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Health

13th Jul 2013

The Sting in the Tail of Summer – How to Avoid Insect Injuries

Over 50 per cent of Irish adults have noticed a rise in biting and stinging insects over the last 12 months

Rebecca McKnight

If there is one downside to the summer weather, it has to be this; biting and stinging insects like mosquitoes, midges, wasps, bees, fleas and ants are dining upon us like never before.

A new survey of 200 Irish adults by Anthisan Cream has revealed that over 50 per cent have noticed a rise in biting and stinging insects over the last 12 months, with one in three (34 per cent) avoiding outdoor activities such as eating al fresco or playing with their children entirely as a result. One in eleven (9 per cent) have suffered from more than ten bites at one time, with 42 per cent admitting they have scratched a bite or sting so much that they have actually caused a scar.

The survey revealed that midges (35 per cent), wasps (15 per cent) and mosquitoes (13 per cent) were the biting and stinging insects more notably present and active than in previous years.

Dr James Logan from the London School of Hygiene and Tropical Medicine said, “Some parts of Ireland may become warm enough to support mosquitoes, like the Asian Tiger Mosquito, that have the potential to spread diseases.  Meanwhile in Europe, the Asian Tiger Mosquito and other more troublesome mosquito species could rise in numbers with the warmer climate patterns.”

Midges like still, warm humid temperatures, and are hardy enough to survive cold spells. They thrive within inland mountainous areas, woods and forests, and beside rivers and streams. These culprits like to dine on everyone and anything they see. Only the pregnant midge bites as they require a feast a blood before they can lay their eggs.

Dr Logan continued, “People can have a variety of reactions to mosquito and midge bites, with small raised itchy bumps on the skin the most common. Symptoms can change over time as well, dependent on the number of bites a person has received at one time or in one specific area of skin. Reactions can include both immediate and delayed swelling, itching and inflammation around the bite area. As tempting as it seems at the time, avoid scratching as this will make the bite(s) more irritated. If you are in a known area for mosquitoes, or know that they have a taste for you, it is wise to have a suitable repellent and bite relief cream on hand.”

Although wasps, honeybees and bumblebees can all sting, it is wasp stings that are most common. A wasp can easily deliver multiple stings. Wasps insert their stings into the skin and then withdraw it afterwards, which can be very painful. Bumblebees rarely sting humans, and it is only the female ‘worker’ who will sting if bothered. Honeybees also only sting in self defense, but when it does sting it leaves behind a ball of venom, with its own muscle mechanism, which continues to pump the venom into the skin post sting.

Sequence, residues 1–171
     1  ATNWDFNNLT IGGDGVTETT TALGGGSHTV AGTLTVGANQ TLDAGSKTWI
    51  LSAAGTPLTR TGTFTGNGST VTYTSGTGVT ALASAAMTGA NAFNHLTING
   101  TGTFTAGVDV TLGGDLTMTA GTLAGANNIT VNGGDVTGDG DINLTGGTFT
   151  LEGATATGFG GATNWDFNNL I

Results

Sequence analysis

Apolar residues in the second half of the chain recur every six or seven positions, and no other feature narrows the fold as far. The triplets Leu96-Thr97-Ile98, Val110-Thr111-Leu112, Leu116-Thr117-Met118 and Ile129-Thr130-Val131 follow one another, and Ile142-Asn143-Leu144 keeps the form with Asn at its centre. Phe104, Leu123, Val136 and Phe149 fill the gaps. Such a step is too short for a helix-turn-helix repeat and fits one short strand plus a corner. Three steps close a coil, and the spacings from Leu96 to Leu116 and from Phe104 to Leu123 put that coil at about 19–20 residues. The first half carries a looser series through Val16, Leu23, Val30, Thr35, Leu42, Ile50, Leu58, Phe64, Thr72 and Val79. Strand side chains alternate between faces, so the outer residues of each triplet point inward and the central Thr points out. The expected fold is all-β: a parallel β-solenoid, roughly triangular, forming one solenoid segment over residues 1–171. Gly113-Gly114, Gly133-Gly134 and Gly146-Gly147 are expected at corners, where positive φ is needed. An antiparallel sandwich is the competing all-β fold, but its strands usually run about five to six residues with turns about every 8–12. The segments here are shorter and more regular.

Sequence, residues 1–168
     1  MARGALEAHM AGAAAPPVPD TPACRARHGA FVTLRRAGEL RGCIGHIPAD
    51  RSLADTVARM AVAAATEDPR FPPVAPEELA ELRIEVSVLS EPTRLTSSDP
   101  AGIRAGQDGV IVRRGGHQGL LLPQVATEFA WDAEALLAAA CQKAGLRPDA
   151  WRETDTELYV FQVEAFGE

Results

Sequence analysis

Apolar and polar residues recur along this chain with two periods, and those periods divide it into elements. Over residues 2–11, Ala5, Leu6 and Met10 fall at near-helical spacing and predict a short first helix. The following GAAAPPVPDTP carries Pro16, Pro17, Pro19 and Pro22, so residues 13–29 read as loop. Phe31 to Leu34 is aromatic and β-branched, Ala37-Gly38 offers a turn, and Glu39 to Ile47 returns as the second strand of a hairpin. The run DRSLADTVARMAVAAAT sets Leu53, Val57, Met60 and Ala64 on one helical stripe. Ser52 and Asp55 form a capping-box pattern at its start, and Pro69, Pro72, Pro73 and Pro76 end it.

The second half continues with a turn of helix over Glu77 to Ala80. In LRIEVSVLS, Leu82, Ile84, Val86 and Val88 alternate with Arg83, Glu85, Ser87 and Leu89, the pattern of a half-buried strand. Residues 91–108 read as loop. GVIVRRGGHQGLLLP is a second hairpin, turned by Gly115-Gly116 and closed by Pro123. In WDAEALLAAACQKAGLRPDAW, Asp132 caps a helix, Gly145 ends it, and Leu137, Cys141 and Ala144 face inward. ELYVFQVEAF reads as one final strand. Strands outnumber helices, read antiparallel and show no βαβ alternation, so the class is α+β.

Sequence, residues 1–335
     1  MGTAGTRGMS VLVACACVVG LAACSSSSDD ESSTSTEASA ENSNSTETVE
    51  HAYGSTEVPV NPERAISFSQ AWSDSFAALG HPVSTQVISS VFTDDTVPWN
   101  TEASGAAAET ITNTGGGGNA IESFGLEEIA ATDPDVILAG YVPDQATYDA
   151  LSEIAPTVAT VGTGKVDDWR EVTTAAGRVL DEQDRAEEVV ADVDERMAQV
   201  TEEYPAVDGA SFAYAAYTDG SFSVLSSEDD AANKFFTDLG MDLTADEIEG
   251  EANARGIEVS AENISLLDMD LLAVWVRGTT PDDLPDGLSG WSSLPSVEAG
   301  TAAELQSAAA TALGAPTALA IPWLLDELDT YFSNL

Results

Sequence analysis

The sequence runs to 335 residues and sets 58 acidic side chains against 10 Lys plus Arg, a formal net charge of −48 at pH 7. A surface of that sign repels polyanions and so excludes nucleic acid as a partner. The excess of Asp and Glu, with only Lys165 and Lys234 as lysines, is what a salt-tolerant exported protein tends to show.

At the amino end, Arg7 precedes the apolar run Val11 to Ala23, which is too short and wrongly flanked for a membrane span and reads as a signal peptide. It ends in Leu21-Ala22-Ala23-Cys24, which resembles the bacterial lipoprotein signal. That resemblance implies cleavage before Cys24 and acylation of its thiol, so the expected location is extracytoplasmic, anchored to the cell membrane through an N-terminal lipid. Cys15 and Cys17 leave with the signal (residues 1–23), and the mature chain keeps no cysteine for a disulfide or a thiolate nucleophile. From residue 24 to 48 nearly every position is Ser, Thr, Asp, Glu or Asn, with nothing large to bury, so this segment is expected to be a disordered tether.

Stings from wasps, honeybees and bumblebees are treated very similarly – the main difference being that bee stings should be removed before treatment, whereas wasps do not leave a sting behind. People stung by wasps can react very differently; with some hardly affected, whereas others suffer considerable pain and swelling.

Fleas come in many species, and are a common problem in homes, especially for those with dogs or cats. While they can transmit disease, it is very rare in Ireland. The main concern with fleas are their bites. The adult flea pierces the skin to feed on blood; however the larvae feeds on organic matter in carpets or bedding and can remain dormant for many months.

There are thousands of different species of ants in Ireland, and while they are often not considered as much of a sting risk, two of the most common ants in Ireland can bite on contact. The Black Garden Ant and Pharaoh Ant’s bite can leave some people suffering from allergic reactions. The Common Red Ant, also known as the European Fire Ant, does sting, injecting its venom below the skin. Reactions can be very serious in some; however it is usually just very uncomfortable. 

When you are bitten or stung the body’s immune system produces a chemical called histamine to help protect the cells from infection from foreign objects. The histamine causes inflammation and swelling of the skin as the blood vessels expand, which can also make it feel itchy. Using a treatment like Anthisan, which contains the active ingredient Mepyramine Maleate, (a topical antihistamine which stops the histamine affecting your body’s cells), works by blocking H1 receptor sites in the cell walls and so helps to reduce pain, swelling and irritation.

 

For more tips on how to treat and avoid wasp & bee stings, insect bites and nettle rash visit www.anthisan.ie

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